You could be reading the full-text of this article now if you...

If you have access to this article through your institution,
you can view this article in

Cutaneous Clear Cell Sarcoma: Report of Three Cases of a Potentially Underestimated Mimicker of Spindle Cell Melanoma

Falconieri, Giovanni MD*; Bacchi, Carlos E. MD, PhD; Luzar, Bostjan MD, PhD

American Journal of Dermatopathology:
doi: 10.1097/DAD.0b013e3182473190
Brief Report
Abstract

Abstract: Clear cell sarcoma is a unique soft tissue tumor with distinct microscopic features that include a nested or fascicular pattern of spindle cells accompanied by larger wreath-like giant cells scattered throughout. It harbors a unique EWSR1-ATF1 gene fusion secondary to a t(12;22)(q13;q12) translocation. Recently, it was reported that clear cell sarcoma can occur in the skin and mimic a broad spectrum of entities, including spindle cell melanoma. Here, we describe 3 new cases of clear cell sarcoma of the skin, all of which were confirmed molecularly. The patients, a 12-year-old boy, a 29-year-old woman, and a 60-year-old man, had cutaneous lesions on the thigh, dorsum of foot, and sole, respectively. All 3 lesions were originally considered suspicious of spindle cell melanoma. Microscopically, the lesions featured nodular proliferation centered in the dermis that consisted of discrete fascicles of spindle cell enmeshed by thin fibrous strands. Wreath-like cells were present in all cases. Tumor cells were positive for S100 protein (3 of 3 cases), melan A (2 of 3 cases), HMB 45 (1 of 3 cases) although a junctional melanocytic proliferation was seen in 1 case. Sentinel lymph node biopsy was negative in 2 patients. Follow-up was uneventful in 2 patients, whereas the other patient developed a lymph node metastasis 5 months after primary tumor excision. This study confirms that malignant dermal tumors that mimic but do not exactly replicate spindle cell melanoma should raise suspicion for cutaneous clear cell sarcoma and prompt the investigation for the confirmatory gene fusion t(12;22).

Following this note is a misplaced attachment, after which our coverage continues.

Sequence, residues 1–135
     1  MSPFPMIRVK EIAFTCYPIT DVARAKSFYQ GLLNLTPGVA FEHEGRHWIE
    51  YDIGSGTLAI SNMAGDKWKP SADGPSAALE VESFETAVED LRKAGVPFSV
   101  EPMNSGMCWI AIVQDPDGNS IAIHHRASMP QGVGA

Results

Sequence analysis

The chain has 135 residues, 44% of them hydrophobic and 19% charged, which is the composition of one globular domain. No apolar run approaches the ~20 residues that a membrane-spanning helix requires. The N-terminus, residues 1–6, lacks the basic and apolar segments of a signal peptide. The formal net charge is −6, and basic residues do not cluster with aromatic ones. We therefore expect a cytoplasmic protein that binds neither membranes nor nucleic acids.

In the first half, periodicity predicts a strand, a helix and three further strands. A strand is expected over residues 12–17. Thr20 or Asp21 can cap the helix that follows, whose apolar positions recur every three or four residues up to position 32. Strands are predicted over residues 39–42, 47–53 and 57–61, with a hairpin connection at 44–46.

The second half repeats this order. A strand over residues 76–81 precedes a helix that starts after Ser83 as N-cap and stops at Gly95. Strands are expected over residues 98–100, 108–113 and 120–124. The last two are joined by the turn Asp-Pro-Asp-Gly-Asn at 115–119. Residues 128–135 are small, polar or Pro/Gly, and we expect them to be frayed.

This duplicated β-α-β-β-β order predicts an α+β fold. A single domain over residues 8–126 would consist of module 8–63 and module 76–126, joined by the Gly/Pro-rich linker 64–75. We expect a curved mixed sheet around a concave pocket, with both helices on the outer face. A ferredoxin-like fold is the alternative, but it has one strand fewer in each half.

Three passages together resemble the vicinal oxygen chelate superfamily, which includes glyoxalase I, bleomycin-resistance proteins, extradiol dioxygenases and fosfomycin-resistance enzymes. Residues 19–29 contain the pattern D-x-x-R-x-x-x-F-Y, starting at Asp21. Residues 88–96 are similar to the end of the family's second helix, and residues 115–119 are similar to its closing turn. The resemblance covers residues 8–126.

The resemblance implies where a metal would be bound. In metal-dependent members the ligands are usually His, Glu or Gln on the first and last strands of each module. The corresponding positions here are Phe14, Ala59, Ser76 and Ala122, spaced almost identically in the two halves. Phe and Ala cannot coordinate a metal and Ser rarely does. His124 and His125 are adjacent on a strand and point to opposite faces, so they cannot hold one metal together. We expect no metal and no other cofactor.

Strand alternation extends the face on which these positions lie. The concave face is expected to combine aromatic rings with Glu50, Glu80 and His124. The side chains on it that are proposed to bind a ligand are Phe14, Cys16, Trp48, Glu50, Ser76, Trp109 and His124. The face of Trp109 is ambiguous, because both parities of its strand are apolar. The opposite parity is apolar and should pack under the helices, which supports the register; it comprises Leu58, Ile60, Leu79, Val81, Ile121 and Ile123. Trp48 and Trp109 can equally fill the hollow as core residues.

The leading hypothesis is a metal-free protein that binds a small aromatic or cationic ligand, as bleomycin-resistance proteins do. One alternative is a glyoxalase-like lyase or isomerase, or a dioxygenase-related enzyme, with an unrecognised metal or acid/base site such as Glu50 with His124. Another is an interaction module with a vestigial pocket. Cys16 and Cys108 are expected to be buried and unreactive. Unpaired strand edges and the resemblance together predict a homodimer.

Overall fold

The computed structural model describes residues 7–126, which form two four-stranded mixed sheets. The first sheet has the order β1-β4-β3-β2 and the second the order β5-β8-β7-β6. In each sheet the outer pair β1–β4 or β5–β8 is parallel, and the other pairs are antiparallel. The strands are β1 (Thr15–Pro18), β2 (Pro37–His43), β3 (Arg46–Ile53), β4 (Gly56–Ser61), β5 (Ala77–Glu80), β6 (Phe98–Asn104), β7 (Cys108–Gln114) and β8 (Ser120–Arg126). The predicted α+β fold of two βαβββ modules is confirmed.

Author Information

*Department of Pathology, General Hospital S. Maria Della Misericordia, Udine, Italy

Consultoria em Patologia, Botucatu, Sao Paulo, Brazil

Institute of Pathology, Medical Faculty, University of Ljubljana, Ljubljana, Slovenia.

Reprints: Giovanni Falconieri, MD, Department of Pathology, General University Hospital, S. Maria Della Misericordia, I 33100 Udine, Italy (e-mail: Falconieri.Giovanni@aoud.sanita.fvg.it).

The authors state that they have no funding or conflict of interest to disclose.

© 2012 Lippincott Williams & Wilkins, Inc.